CALGARY -- Life in Alberta during the pandemic has turned into a real tension convention.

That was the word from a national organization Wednesday, when Morneau Shepell released its latest findings of its Mental Health Index, revealing that the greatest increase in stress month-over-month was for respondents living in Alberta, followed by Saskatchewan and Manitoba.

The Mental Health Index is published monthly beginning in April 2020 and compares against benchmark data collected in 2017, 2018 and 2019.

Paula Allen,  the global leader of research and total wellbeing at Morneau Shepell, said she wasn’t surprised that Alberta topped the list. She said that’s likely because mental health issues for Albertans started long before the pandemic - way back in 2014 with the collapse of oil prices.

“The risk of all Canadians has been elevated,” said Allen. “Those who are high risk are higher risk and we’ve actually had a doubling of the proportion of Canadians that are high risk.”

Mental Health

Decline in psychological health

The index showed a 11.1 drop from the pre-pandemic benchmark of 75, in large part due to a significant decline in psychological health, which reached its lowest point since the inception of the index in April 2020.

“People who might not be in a crisis situation, they still need to pay attention to their psychological health,” said Allen. “They need what we all we need psychologically every day. They need balance but they also need a strategy around how to deal with things when they get overwhelming so it doesn’t last too long.”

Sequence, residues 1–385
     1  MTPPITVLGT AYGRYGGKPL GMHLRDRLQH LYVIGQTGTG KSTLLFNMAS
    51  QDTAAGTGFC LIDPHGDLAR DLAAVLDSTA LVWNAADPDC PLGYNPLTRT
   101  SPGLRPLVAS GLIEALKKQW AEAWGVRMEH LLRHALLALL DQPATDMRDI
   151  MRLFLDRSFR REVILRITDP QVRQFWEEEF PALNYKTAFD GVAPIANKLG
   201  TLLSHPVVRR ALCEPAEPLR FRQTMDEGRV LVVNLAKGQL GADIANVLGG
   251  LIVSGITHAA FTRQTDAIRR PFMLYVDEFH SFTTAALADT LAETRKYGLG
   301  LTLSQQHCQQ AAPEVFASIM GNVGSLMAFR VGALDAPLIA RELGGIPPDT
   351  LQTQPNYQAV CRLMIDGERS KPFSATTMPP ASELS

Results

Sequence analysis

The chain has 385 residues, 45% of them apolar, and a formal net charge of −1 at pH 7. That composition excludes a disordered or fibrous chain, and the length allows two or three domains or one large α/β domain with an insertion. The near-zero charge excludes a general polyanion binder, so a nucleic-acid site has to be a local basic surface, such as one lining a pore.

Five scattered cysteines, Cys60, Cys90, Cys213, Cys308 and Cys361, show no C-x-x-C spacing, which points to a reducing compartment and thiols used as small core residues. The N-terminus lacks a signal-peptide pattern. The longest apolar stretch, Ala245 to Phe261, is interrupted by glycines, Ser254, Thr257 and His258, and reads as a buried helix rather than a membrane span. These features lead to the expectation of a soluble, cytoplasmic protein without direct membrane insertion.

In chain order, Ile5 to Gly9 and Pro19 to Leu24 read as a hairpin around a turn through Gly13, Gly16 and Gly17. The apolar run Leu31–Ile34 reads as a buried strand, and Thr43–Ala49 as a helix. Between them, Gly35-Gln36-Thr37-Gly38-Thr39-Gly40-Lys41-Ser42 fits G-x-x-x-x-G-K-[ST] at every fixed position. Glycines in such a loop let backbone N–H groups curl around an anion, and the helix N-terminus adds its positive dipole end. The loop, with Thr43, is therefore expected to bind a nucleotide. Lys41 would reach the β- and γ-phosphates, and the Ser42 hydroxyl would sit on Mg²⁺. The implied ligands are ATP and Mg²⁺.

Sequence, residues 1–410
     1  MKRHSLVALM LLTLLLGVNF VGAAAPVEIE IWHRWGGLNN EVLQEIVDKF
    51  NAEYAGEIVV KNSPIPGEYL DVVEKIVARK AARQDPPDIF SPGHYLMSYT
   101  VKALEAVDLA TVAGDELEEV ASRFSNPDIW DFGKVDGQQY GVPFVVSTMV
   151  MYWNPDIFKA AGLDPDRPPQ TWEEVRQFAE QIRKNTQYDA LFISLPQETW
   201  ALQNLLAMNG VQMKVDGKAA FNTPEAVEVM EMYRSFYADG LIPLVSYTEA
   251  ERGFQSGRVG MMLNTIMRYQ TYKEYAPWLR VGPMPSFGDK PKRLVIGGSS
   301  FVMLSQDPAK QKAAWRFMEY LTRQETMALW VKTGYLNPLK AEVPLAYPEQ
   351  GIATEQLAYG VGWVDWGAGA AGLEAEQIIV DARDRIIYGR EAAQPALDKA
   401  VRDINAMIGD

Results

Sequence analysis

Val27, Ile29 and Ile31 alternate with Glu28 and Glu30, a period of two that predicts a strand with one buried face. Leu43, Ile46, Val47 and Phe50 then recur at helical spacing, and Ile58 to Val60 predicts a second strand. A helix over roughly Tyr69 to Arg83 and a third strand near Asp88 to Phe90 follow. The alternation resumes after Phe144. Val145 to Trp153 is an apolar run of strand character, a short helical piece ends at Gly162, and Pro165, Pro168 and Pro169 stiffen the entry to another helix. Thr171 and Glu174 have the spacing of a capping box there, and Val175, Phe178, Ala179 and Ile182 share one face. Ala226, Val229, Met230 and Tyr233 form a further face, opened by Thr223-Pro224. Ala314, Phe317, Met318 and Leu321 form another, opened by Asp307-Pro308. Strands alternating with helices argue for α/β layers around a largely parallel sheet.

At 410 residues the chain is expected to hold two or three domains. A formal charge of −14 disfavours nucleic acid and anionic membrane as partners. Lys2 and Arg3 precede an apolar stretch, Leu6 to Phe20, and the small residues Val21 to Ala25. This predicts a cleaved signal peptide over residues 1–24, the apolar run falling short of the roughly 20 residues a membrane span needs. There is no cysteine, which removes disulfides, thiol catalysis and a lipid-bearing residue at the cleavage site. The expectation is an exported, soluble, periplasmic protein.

The index also tracks sub-scores against the benchmark, measuring financial risk (2.9), psychological health (-3.2), isolation (-11.1), work productivity (-11.1), depression (-12.5), anxiety (-12.5) and optimism (-12.9).

When compared to the previous month all sub-scores improved except for psychological health, which has declined 0.7 points month-over-month and reached its lowest point since the inception of the Index in April.

Online survey

The monthly report was conducted through an online survey in English and French from October 25 to November 5, 2020 with 3,000 respondents in Canada.

Operators at Distress Centre Calgary continue to see an increase in calls to it’s 24/7 crisis line since the pandemic hit North America and Calgary.

Distress Centre director of fund development and communictions Diane Jones Konihowski said anxiety calls have quadrupled in Calgary since the pandemic, with operators seeing a major increase in people contemplating suicide.

“Our top three issues have been anxiety, depression and the isolation and the loneliness piece continues to rear its ugly head,” said Jones Konihowki. “This will continue as the restrictions continue to get just a little bit tighter.”

Experts say its important to seek help to deal with mental health issues.

“When you start to feel that you’re tense more than you’re not tense, when you start to feel that your personality is changing in a way that you don’t like, you’re more anxious or more angry then you are calm,” said Allen. “You absolutely need to reach out for professional help - it’s not really a matter of friends and family at that point.”

Learn more about the Distress Centre here: